Health care regulator chief Cynthia Bower quits

 

The chief executive of health and social care regulator the Care Quality Commission (CQC) has resigned, it was announced today.

Cynthia Bower said it was "time to move on" after almost four years as head of the organisation, which has been heavily criticised over the last year.

Her departure comes as the Department of Health publishes its findings from a performance and capability review of the CQC.

It said the regulator had made considerable achievements since 2009 but more needs to be done to improve its services.

In December, a report from the National Audit Office highlighted problems as the CQC took on the role of registering all providers of health and social care.

It said the level of inspections of care homes in England fell "significantly" as a result, and the CQC had failed to deliver value for money.

That followed a report from MPs in September which found the regulator had "distorted" its priorities by focusing on registering providers.

Registering organisations led to around a 70% drop in the number of inspections to check care standards and safety, it said.

Some 6,840 site visits to providers were undertaken in the six months between October 2009 and the end of March 2010, but only 2,008 were carried out in the same six-month period in 2010/11 - a 70% drop.

Care homes for adults received 10,856 inspections in 2009/10 but only 3,805 in 2010/11, a 65% drop.

The CQC has argued it was faced with the challenge of setting up an entirely new regulatory system and registering more than 40,000 provider locations against tight deadlines set by the Department of Health.

Ms Bower said today: "After almost four years leading CQC, I feel that it is now time to move on.

"The process of setting up an entirely new system of regulation has been intensely challenging, but we have accomplished an enormous amount.

"We have merged three organisations, registered 40,000 provider locations and brought virtually the entire health and social care network under one set of standards, which focus on the needs of people who use services.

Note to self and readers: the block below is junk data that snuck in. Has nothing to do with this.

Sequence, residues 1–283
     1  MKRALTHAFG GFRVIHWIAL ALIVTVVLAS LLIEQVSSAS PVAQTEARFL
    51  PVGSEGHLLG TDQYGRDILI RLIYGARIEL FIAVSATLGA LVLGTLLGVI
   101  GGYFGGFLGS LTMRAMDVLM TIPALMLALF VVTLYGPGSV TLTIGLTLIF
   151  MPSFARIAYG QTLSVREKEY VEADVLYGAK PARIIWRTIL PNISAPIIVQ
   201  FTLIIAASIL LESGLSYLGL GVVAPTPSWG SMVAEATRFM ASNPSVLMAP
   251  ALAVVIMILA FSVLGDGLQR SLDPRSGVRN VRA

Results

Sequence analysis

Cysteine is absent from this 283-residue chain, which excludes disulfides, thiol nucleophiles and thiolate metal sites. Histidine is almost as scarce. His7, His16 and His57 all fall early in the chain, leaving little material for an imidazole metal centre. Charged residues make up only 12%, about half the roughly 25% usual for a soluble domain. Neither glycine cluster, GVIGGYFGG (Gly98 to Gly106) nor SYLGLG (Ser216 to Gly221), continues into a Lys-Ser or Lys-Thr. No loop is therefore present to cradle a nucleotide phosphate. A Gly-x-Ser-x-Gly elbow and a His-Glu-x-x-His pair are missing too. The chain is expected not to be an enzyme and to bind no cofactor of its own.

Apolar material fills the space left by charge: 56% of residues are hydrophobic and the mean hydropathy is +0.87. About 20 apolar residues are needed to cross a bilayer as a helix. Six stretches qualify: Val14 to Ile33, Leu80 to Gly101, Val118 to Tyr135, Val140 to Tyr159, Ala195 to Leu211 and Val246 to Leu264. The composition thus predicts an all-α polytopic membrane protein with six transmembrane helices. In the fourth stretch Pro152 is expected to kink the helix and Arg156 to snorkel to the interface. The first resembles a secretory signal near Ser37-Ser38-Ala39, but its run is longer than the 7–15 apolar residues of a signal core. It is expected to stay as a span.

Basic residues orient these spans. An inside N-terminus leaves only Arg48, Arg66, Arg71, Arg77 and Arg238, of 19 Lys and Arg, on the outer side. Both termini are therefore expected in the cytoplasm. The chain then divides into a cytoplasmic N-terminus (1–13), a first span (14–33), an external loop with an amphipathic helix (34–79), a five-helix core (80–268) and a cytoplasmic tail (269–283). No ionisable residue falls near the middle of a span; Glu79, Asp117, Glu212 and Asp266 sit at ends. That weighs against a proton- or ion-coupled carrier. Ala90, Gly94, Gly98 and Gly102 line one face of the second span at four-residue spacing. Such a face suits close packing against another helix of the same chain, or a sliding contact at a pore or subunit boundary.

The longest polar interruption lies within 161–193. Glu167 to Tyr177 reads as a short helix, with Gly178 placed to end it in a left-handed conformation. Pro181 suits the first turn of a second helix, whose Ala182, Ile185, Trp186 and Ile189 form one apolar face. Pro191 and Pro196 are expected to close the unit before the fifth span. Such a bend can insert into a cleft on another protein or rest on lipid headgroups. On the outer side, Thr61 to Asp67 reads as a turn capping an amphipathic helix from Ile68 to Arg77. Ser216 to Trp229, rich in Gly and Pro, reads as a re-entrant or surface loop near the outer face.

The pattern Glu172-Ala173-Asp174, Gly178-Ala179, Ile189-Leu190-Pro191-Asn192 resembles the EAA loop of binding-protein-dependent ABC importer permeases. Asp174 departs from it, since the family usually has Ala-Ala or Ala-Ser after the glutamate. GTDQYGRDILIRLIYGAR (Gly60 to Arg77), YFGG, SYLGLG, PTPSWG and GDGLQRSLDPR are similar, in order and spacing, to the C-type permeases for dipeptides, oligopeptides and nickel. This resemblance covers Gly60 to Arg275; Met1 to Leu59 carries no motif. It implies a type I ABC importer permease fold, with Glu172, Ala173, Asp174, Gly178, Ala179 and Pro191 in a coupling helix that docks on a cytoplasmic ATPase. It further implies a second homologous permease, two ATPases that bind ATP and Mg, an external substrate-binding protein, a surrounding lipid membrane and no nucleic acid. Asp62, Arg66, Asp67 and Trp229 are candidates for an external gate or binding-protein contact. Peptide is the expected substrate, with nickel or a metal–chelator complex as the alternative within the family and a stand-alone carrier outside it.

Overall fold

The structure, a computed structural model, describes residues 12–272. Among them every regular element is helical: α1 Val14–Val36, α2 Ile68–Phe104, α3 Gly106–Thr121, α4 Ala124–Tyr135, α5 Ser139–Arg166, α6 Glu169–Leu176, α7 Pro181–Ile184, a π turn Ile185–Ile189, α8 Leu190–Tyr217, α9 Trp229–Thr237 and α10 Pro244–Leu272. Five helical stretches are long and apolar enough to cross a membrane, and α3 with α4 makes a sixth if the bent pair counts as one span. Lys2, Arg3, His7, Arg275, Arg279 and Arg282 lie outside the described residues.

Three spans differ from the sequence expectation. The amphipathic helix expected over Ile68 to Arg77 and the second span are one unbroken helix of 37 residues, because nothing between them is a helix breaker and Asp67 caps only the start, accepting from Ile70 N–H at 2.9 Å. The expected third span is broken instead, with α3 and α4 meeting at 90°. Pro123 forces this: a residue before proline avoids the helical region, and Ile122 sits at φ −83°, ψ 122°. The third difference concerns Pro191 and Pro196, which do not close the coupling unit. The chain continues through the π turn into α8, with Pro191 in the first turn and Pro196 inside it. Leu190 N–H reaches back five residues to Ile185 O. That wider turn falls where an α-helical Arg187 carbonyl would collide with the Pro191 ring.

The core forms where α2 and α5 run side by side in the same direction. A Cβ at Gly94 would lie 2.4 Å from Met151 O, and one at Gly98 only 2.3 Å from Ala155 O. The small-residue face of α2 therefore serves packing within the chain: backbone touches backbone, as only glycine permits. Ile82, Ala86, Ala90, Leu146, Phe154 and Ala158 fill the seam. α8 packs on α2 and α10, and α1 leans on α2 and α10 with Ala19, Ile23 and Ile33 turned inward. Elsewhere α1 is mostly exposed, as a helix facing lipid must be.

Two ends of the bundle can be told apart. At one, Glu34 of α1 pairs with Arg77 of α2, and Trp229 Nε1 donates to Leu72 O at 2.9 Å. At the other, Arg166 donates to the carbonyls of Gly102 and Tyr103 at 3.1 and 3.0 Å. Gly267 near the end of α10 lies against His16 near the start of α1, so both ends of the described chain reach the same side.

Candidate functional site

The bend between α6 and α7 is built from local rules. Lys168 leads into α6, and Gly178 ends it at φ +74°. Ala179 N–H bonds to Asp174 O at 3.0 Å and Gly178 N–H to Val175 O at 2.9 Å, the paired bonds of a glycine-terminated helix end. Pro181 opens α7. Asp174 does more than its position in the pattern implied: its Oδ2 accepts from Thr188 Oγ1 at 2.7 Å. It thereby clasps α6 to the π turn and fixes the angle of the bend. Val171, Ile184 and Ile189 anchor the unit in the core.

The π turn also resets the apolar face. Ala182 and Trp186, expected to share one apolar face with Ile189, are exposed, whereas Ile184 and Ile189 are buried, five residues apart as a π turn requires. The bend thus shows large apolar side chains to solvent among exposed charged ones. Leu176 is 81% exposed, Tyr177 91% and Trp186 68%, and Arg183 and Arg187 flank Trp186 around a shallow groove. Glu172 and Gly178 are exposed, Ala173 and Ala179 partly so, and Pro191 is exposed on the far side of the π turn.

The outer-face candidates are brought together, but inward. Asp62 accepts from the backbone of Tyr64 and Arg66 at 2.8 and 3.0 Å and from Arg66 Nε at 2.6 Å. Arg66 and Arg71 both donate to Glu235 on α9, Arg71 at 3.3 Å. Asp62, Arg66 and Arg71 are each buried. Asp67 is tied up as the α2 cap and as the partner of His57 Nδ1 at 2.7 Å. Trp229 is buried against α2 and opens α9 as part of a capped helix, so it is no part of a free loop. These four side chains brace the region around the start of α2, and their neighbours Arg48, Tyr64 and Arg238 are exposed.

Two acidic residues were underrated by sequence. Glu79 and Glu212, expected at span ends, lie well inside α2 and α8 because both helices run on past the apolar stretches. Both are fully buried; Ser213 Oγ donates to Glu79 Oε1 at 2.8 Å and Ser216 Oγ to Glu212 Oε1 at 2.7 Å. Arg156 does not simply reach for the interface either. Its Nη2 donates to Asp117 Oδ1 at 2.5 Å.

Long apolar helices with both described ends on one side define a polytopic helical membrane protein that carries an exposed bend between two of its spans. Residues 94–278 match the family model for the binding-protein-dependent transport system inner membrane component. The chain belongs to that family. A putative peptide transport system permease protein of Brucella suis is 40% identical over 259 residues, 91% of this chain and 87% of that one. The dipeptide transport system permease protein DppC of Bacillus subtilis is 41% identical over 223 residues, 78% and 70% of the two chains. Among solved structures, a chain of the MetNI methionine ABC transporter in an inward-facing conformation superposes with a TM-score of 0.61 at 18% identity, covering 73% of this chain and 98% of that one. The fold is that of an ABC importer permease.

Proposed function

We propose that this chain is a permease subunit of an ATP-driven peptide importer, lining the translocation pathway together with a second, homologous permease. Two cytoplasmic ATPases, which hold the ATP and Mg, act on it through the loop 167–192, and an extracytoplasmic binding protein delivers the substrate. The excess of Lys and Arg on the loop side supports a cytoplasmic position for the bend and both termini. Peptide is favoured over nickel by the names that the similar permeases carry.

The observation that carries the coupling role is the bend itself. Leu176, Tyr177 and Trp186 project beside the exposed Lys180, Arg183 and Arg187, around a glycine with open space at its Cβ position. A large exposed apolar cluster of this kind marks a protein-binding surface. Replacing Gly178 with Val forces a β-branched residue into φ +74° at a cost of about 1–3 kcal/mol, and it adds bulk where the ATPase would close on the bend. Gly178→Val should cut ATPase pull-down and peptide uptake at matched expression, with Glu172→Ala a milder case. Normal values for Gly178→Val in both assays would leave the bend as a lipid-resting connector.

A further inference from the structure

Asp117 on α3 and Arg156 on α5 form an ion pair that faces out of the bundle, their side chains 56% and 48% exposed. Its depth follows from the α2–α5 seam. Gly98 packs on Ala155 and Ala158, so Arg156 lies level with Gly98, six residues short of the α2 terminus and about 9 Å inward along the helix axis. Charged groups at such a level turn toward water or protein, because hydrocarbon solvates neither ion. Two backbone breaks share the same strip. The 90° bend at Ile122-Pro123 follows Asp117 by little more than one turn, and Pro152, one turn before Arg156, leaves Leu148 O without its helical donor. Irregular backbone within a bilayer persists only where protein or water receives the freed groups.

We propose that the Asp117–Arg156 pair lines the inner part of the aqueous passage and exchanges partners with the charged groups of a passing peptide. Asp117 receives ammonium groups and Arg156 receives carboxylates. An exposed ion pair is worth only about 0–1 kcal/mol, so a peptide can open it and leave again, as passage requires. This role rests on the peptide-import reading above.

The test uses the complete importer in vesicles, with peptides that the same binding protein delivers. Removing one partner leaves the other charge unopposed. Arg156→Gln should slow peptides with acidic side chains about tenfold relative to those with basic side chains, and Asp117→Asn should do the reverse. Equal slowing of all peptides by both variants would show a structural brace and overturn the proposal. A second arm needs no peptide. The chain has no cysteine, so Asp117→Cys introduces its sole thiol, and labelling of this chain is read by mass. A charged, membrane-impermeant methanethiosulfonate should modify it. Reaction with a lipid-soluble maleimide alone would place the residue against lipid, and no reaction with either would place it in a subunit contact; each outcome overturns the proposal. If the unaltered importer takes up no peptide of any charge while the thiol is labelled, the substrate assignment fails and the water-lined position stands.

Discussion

"I am pleased that the Department of Health performance and capability review, published today, recognises the scale of what has been achieved, and in particular the significant improvements made over the last nine months.

"I'm confident that CQC will continue to build on the progress already made, delivering increasing benefits to people who use services by shining a light on poor care, and I am proud to have played a part in this."

Jo Williams, chairwoman of the CQC, said: "I am very sorry that Cynthia has decided to move on, but I understand her desire to take on new challenges.

"I would like to take this opportunity to thank her for the enormous contribution she has made to the setting up and running of CQC.

"She has shown tireless commitment to this organisation, and she leaves it in a strong position to carry out our essential role in tackling poor care."

Sir David Nicholson, NHS chief executive, said: "I would like to thank Cynthia for her commitment as CQC chief executive.

"Building a new regulator involves great vision, leadership and resilience. This is always a complex task and one under constant scrutiny. It is great credit to Cynthia's leadership to have achieved this."

Ms Bower will remain in post until the autumn to ensure a smooth handover. The CQC said the recruitment process for her successor will begin shortly.

Today's review from the Department of Health said the CQC had delivered a challenging programme of work, registered providers and is increasing the number of inspections taking place.

However, it said the scale of this task had been "underestimated" by CQC and the Department, and more could have done more to manage risks during the early years of the organisation's operation.

A series of recommendations include appointing extra members to the CQC's board and creating clearer arrangements between the Board and the Executive to ensure that the Board is holding the operation of the CQC to account.

In a letter to Jo Williams, the Department of Health's Permanent Secretary Una O'Brien, said: "Over the last nine months, CQC has made significant improvements in performance and in focus on core purpose.

"However, the evidence has clearly shown there is more work to do to build on recent successes to ensure the organisation has the capability and capacity to respond to patient, public and Parliamentary expectations in the future. Lessons need to be learned from the performance shortcomings of the early years.

"The leadership of the organisation are willing to listen and act on issues raised about the organisation's performance."

PA

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